Wednesday, June 13, 2012

The Old Joke About a Person Who Speaks Only One Language?

You know the joke: "bilingual" is someone who speaks two languages, "trilingual" is someone who speaks three languages.  What do you call someone who can only speak one language?  An American.  Alas, it seems to be increasingly true.  I am astonished at how few of my students have studied any foreign language. 

I was looking at the University of Iceland's website, and I don't know whether to be shamed at how few Americans learn a foreign language, or engage in jingoistic "We're number 1" rhetoric:
The University of Iceland offers a diverse selection ofcourses taught in English. A few academic programmes are offered entirely in English, both at the undergraduate and graduate levels, and all schools offer single courses taught in English.
The University of Iceland works in an international environment, and cooperates with a multitude of international universities and research institutions on research, student exchanges, staff exchanges, and more. Hundreds of international students study at the university each year, and their numbers are growing. The University of Iceland is ambitious in attracting international students and scholars, and the number of single courses taught in English is steadily increasing.
I confess, every time that I see an Icelander interviewed, I am impressed with how flawless his English is.  Admittedly, Iceland was in some weird sense a protectorate of the United States for decades, with a huge U.S. Air Force base near Reykjavik.   


  1. In all fairness, we have a 3,000-mile-wide continent to play in where essentially everyone speaks English. A few years ago when I lived in the DC suburbs, I pointed out to a European colleague that I could drive a thousand miles in any direction (except east, obviously) and not have to worry about whether or not people would understand me, and pointed out that the results aren't the same in Europe.

    I took several years of Spanish in high school, although my vocabulary isn't large enough to be generally useful, but learning another language in the US isn't nearly as useful as it would be in most of the rest of the world. I would imagine that in Russia and China similar situations tend to apply. I look forward to Europeans complaining about the Chinese any day now.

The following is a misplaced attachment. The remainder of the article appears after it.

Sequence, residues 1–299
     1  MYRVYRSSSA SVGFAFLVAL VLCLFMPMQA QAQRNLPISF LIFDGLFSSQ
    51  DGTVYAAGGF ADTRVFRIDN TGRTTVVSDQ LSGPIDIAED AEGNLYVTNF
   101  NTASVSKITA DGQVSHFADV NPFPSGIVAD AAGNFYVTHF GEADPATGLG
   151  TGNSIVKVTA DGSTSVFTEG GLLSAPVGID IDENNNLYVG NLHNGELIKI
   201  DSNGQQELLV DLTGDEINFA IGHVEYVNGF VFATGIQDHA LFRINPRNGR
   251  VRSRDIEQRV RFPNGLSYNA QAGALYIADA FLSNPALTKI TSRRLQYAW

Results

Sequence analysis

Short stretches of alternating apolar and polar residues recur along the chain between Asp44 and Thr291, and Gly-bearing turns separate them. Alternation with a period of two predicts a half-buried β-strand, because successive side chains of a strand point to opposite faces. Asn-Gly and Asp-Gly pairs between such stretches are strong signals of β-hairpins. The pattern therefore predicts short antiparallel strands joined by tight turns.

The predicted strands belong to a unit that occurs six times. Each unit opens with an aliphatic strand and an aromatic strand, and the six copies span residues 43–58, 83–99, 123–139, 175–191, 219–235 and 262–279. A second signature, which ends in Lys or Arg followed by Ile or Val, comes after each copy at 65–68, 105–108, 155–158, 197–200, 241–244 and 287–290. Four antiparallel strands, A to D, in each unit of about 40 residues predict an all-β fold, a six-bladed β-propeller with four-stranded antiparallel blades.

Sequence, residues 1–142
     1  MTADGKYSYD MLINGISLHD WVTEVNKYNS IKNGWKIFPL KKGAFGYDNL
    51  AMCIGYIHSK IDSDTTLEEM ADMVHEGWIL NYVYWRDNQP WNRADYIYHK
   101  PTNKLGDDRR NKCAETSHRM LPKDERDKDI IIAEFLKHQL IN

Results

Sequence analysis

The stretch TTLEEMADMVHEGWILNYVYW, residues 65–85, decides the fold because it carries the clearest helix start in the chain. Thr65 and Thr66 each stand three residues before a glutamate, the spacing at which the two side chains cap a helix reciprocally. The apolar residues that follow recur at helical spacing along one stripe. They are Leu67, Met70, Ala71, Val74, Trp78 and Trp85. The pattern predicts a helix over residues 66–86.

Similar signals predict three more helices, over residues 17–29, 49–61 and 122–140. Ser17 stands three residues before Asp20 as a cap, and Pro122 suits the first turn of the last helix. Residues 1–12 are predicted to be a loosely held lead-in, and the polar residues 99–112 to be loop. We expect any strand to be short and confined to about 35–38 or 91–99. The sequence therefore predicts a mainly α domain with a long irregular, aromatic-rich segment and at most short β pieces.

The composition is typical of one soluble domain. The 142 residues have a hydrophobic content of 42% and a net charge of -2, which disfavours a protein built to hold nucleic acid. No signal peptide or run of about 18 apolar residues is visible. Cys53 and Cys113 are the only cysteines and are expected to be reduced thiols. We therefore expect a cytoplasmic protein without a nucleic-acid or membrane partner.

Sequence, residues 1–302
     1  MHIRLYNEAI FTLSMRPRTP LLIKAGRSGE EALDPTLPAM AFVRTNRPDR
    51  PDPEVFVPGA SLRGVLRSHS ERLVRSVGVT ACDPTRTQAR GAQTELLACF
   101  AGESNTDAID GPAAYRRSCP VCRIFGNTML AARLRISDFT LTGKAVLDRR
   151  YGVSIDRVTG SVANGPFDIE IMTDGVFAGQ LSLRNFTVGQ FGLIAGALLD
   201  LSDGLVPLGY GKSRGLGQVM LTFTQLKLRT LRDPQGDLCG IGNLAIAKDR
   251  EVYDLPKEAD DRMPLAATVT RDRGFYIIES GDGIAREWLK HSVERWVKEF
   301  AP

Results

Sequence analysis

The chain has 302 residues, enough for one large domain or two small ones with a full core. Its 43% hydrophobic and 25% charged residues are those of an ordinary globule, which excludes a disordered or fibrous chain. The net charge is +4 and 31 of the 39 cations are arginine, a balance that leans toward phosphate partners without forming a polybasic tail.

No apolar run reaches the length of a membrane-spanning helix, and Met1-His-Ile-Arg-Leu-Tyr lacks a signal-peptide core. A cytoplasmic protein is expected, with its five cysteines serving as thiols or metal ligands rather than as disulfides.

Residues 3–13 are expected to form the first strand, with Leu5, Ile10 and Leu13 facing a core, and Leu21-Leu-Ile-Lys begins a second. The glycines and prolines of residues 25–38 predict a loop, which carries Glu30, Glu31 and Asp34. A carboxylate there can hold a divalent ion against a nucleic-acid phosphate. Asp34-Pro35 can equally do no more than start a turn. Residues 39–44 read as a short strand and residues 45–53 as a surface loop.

2. In addition to what Rick C, said:

    If you want to travel and be understood abroad...learn English. Speaking the wrong local language, or the local language the wrong way, can get you 1) no service 2) rude service, 3) shot, depending on locale.

    I learned French in H.S. and college, German while stationed in Germany, and a tiny bit of Arabic when in the mid-East, and it was all handy, but the most universal way that everyone communicated in all three places was English, often seriously fractured.

    I would be happy if American kids were taught a decent grasp of English, never mind learn some other language. If anything, go back in time a bit and give them a good grounding in latin -- the more I read and learn, the more I realize the wisdom of the "old school."

  3. Learning a foreign language pays dividend in learning English grammar.

  4. Iceland was somewhat more formally a protectorate of the U.S. during World War 2 - we occupied it *before we were at war*, taking over from the British. See

    Rick C - Chinese is not a single *spoken* language. Even Mandarin has dialects which are not intelligible across the area where Mandarin is the spoken language - probably a greater dialectical spread than between Australian, Southern, and Scots; if you add in the non-Mandarin dialects, it's like saying that Portuguese, Italian, and Romanian are all just dialects of Latin.

  5. I think it's less that Americans don't learn a foreign language - VA requires it in high school (2 years minimum, if I remember right), and I believe most other states do also - but that for most people it's immediately forgotten, mainly due to lack of use and need (and due to the sorry state of the modern US education system, but that's another issue). Like Rick C said, when you can travel 1000 miles in any direction and everybody at your destination still speaks English as their first language, there is little to no need to use it often enough to retain it.

  6. Virginia REQUIRES two years of a foreign language in high school? Wow.

    When I was in junior high in California, there was not a foreign language requirement, but the University of California required two years of foreign language to apply. Then they inexplicably dropped the requirement--and those of us taking a foreign language rapidly became unusual.

  7. I'll throw out a caveat here: It's entirely possible I'm misremembering, since high school was nearly 20 years ago.

    That being said, I'm pretty sure about it. At a minimum, I'd say that one year is required for everybody, and that I had to take two because I was on the "advanced" diploma track (a.k.a., the college prep track). But I'm 99% sure everybody had to take at least one year.

    I also know that when I lived in MN before moving to VA (back in 1990) there were language classes offered as early as 7th grade in the town I lived in.

  8. We certainly had language classes in seventh grade available to us. Amazingly enough, our junior high school offered not only German, French, and Spanish, but Latin and Greek as well. (After UC dropped the language requirement, and the number of foreign language classes dwindled, Greek and Latin went away.)

  9. Most people in other civilized countries speak English as a second language. No real need for an American to learn another language to travel in the world. It is nice to have a few polite phrases in the destination language but not necessary. HOWEVER in the USA it is becoming increasingly more important to have a working knowledge of spanish to talk to your employees. Sad.